Bailey, a 12 1/2-year old golden retriever who lives in Dover, Mass. with his owner Rick Young, hails from good stock.
Bailey was obtained from a breeder in Maine who also provides puppies that adorn L.L. Bean catalogues.
Bailey may not have had his moment in the catalogue spotlight but he came through his recent medical ordeal like a champion, with a strong assist from veterinarian Dr. John Berg and the staff at Foster Hospital for Small Animals at Cummings School of Veterinary Medicine.
“We had a very good experience,’’ Young said.
Bailey’s problems began about a year before he came to Foster Hospital when Bailey developed a lump on his chest. Young’s local veterinarian examined Bailey and advised Young to keep an eye on the lump.
As time went on, the lump grew to the size of a baseball. The lump, Young was told, was a lipoma, a fatty, non-cancerous tumor. His local veterinarian offered two options: Bailey could have surgery or they could take a “wait and see’’ approach.
Young chose the second approach, leery of surgery. “I was concerned about the anesthesia he would have to have’’ during surgery and its potential impact on Bailey.
Over the next few months, the mass grew to the size of a volleyball and weighed more than six pounds. The mass was beginning to scrape the ground as Bailey walked and the weight of the mass made it difficult for the dog to get up and down and walk.
Young’s veterinarian suggested it was “time to take him to Tufts.’’ He recommended Dr. Berg, who he had trained with. The local vet described Berg as “one of, if not the, best in the state.’’
So Young and Bailey headed to Foster Hospital. Dr. Berg performed a needle aspirate in the exam room “and the material retrieved was consistent with a lipoma,’’ Dr. Berg said. “These are extremely common, benign fatty tumors of middle aged and older dogs. They develop beneath the skin and are typically soft, mobile, and non-painful. ‘’
Most lipomas are small, do not cause a problem, and can simply be monitored, Dr. Berg said. But occasionally they can become very large and impair function, as happened with Bailey.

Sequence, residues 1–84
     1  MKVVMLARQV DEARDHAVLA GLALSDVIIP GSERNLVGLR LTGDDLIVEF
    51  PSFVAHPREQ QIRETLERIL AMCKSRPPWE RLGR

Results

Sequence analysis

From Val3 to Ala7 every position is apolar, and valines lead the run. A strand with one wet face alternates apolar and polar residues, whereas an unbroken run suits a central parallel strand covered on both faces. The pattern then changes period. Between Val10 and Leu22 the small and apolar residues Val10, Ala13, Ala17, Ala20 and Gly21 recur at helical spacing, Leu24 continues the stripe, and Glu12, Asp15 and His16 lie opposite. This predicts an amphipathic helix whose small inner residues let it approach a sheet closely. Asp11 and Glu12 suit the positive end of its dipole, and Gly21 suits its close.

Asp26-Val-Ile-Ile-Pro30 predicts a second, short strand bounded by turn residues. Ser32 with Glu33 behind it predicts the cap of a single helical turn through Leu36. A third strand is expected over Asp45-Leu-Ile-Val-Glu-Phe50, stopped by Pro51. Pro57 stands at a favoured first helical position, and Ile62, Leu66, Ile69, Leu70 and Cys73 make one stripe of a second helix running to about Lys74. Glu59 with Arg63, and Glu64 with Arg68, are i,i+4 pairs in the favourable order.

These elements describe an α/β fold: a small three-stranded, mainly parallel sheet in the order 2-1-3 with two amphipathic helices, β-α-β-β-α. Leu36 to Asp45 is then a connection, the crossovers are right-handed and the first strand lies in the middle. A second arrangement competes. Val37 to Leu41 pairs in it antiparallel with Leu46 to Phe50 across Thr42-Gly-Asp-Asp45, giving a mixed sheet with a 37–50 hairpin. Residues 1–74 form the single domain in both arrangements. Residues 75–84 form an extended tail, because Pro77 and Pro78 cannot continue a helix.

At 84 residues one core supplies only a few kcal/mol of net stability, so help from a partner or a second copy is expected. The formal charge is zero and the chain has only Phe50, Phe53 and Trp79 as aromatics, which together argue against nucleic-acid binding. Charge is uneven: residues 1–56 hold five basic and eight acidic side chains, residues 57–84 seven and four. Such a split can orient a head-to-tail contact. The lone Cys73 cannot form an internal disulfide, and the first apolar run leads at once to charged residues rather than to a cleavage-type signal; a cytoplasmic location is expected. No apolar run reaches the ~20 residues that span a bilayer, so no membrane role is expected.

The size of Bailey’s lipoma was unusual, Dr. Berg said. “This points out the importance of the owner monitoring any lipoma (or any other mass, for that matter) to be sure it is not rapidly growing or becoming quite large. ‘’
Surgery to remove lipomas the size of Bailey’s can create a larger incision that might be needed if the operation was done earlier, Dr. Berg said. Surgery at this stage of lipoma also creates a greater risk for blood loss, he said.
Fortunately, and to Young’s great relief, the surgery went well. Bailey required about 15 stitches and had a “big scar down the center of his chest.’’
He was advised to keep Bailey “under wraps for a few days’’ as the dog recovered.
The story had a happy ending. Bailey recovered well and is an active dog for his age, Young said.
He still enjoys running and playing catch, Young said, and “has a better quality of life’’ than before. “This has improved his mobility.’’
Young is grateful for the staff at Foster Hospital. The hospital staff remained in constant contact with Young and impressed him with their level of care and dedication to detail.
“They pay attention to everything,’’ he said. “I would highly recommend them. It’s a very professionally run operation.’’
At Foster Hospital, staff members recognize that caring for the animal represents only part of an often emotional equation.
“They’re good with the patients and they’re good with the owners,’’ Young said.